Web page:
On October 6, Corey Brideau was walking to the car in the driveway located in Parkton, an area in Moncton. Unexpectedly, a police officer was there waiting and said that Brideau was being detained for a crime. “I was shocked because I didn’t commit any crimes,” Brideau stated.
The victim of the crime accompanied the police officer. Brideau reported that someone had stolen Brideau’s car and inside was Brideau’s phone and wallet, which was described to have a large sum of cash in it. The victim of the crime repeatedly stated that Brideau’s car was the one associated with the perpetrator.
Brideau stated that the police officer asked many questions such as where Brideau was on the day and time of the incident. After 45 minutes of questioning, the police officer stated that Brideau was free to go. A moment later the supervisor of the police officer arrived at the scene and instructed the officer to detain Brideau for a second time.
When the police officer detained Brideau the second time, it was discovered that a mistake had been made by the previous officer, who did not make clear the legal right to remain silent. Brideau described feeling upset due to being unaware of having the option to remain silent. “I was talking to him the whole time without him reading me my rights,” Brideau said. In trying to prove innocence, Brideau described letting the police officer search the car without a warrant.
The police officer searched Brideau’s recently damaged car. Two days prior to Brideau being detained, Brideau’s car was involved in a hit and run which left the car severely damaged. The police officer searched Brideau’s recently damaged car. “I have a baseball bat in my car that I use for self-defence. I used to deliver pizzas, and I used to get involved in a lot of nasty things doing that,” Brideau said. Scrap metal was also reported to be in the car, which is often associated with homeless people in Moncton. “They are wrongfully thought to be thieves,” Brideau said when speaking about those who work with scrap metal. Needles were also inside the car because Brideau works with a group called Needle Awareness, and part of the job description is picking up needles found outside.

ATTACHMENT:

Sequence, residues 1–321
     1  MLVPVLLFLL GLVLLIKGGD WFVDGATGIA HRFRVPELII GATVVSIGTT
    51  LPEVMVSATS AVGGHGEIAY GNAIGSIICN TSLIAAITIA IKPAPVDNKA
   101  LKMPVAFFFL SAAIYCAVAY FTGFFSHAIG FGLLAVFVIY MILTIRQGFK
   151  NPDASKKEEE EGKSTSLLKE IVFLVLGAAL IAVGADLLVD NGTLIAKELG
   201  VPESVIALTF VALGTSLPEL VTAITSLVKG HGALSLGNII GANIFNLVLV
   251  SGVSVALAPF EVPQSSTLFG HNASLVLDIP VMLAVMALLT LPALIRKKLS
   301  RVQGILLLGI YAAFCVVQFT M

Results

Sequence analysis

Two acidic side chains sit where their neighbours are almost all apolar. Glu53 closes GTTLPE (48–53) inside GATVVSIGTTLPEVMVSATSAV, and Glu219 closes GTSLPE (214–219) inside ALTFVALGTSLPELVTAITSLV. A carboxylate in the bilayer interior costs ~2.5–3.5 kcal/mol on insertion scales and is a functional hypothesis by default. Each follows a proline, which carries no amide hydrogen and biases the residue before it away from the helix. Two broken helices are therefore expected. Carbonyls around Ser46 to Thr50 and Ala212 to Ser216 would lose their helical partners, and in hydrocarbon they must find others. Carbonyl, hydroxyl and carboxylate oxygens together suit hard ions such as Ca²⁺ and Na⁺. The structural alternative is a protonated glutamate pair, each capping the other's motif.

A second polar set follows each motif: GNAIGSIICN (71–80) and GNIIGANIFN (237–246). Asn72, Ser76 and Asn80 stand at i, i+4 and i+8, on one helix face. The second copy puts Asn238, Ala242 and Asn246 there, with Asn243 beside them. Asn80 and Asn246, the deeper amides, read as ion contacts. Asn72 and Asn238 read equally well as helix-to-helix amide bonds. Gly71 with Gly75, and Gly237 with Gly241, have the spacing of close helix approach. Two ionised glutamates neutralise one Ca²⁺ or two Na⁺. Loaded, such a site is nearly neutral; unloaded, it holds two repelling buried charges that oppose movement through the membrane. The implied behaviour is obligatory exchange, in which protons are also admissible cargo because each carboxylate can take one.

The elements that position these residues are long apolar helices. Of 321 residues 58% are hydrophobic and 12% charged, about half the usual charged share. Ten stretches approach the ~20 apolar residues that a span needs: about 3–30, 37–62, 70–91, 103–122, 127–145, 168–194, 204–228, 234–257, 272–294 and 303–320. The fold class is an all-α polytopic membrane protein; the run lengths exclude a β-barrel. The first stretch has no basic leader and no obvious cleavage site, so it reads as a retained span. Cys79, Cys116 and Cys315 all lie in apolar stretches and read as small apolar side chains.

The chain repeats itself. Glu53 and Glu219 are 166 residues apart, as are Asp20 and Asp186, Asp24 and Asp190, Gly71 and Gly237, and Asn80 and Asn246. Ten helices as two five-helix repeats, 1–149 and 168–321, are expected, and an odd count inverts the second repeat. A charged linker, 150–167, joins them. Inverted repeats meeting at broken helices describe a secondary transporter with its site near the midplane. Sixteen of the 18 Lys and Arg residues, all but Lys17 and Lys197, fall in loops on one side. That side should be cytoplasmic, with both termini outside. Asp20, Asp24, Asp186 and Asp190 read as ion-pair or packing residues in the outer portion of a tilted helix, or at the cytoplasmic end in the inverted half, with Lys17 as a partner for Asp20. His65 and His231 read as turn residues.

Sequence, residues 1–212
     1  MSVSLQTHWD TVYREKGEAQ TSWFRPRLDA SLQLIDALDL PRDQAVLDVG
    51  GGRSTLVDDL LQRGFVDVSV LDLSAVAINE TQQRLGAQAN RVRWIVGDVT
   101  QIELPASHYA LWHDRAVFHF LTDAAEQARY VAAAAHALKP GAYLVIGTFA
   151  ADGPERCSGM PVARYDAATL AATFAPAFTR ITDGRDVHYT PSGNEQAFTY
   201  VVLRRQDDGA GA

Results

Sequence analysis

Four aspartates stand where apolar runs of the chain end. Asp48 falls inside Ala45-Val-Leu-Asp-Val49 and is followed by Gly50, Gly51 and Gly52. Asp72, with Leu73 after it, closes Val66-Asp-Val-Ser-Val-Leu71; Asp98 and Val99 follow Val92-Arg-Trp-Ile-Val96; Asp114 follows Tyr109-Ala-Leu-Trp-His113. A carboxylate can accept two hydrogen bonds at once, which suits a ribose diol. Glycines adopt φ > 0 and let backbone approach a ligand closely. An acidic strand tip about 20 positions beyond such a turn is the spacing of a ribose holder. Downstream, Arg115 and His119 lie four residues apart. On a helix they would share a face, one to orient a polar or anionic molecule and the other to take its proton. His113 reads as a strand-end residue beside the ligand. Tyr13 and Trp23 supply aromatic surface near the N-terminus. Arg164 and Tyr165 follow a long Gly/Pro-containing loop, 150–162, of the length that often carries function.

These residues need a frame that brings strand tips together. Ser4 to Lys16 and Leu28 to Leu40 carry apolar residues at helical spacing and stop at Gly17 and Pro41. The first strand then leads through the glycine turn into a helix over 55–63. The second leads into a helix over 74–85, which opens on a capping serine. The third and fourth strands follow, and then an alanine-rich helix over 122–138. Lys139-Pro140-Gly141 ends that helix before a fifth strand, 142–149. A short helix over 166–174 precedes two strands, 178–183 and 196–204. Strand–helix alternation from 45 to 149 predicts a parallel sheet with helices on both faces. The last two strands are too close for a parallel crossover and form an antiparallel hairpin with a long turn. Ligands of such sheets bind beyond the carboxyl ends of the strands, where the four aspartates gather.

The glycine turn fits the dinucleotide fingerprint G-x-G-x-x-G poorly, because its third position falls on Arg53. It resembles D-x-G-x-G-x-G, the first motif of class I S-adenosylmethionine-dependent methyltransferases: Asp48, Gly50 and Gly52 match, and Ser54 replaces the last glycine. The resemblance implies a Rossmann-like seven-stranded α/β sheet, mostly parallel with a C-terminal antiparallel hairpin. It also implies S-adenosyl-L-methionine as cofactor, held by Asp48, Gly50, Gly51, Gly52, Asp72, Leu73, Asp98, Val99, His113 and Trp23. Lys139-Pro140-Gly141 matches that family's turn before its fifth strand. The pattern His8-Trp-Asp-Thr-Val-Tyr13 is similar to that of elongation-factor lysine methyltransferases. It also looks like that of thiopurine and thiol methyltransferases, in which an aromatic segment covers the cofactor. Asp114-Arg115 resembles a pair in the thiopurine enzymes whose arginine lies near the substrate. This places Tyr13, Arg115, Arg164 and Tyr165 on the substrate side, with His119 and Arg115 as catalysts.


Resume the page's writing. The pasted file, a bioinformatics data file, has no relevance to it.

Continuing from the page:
“He looked at me after seeing these four things and said I gotta let you know right now dude, I’m looking at your car and it’s not looking good for you, this is really sketchy,” Brideau said, explaining the interaction with the police officer after searching the car. “There is a class dynamic, I’m in a poor neighbourhood, I have a poor car, and I just look like a criminal I guess,” Brideau speculated.
Brideau is 30 years old and grew up in Moncton. Brideau studies sociology at Mt. A. Many years of hard work in agriculture inspired a specific academic focus in worker exploitation.
When the New Brunswick government announced a free-tuition program, at 26 years old Brideau enrolled into university as a first-generation student.
Brideau’s uncle had been wrongfully arrested a few times in his life, and because of this, Brideau reported having no fear while being detained.
“I can’t count how many times I’ve been harassed by the police in this city, wrongfully. I’ve been thrown up against walls, and I know it is because of that class aspect,” Brideau said. The police officers discussed arresting Brideau for the crime, but after deliberation decided to release Brideau. Police officers informed Brideau that Brideau was still a suspect for the crime. As of October 14, Brideau has not been contacted by the police.
Brideau discussed that the victim of the crime was a young Black man, and said: “I am happy to see the police were actually taking this seriously and helping the person because I know in many circumstances it’s not.” Brideau recognized one’s position in communicating with the police by stating: “I know my white privilege helped me in that situation,” speaking to the fact that People of Color and Black and Indigenous people are disproportionately detained, harassed, and stopped by police.
Brideau emphasized that associating crime with individuals with low socioeconomic status is extremely damaging. Brideau said that interactions with the police are far too common for people with lower socioeconomic status. Brideau explained that it can be very easy to become frustrated when you are accused of a crime you didn’t commit yet continued by saying, “the biggest thing that helped me remain calm is knowing that I was innocent.”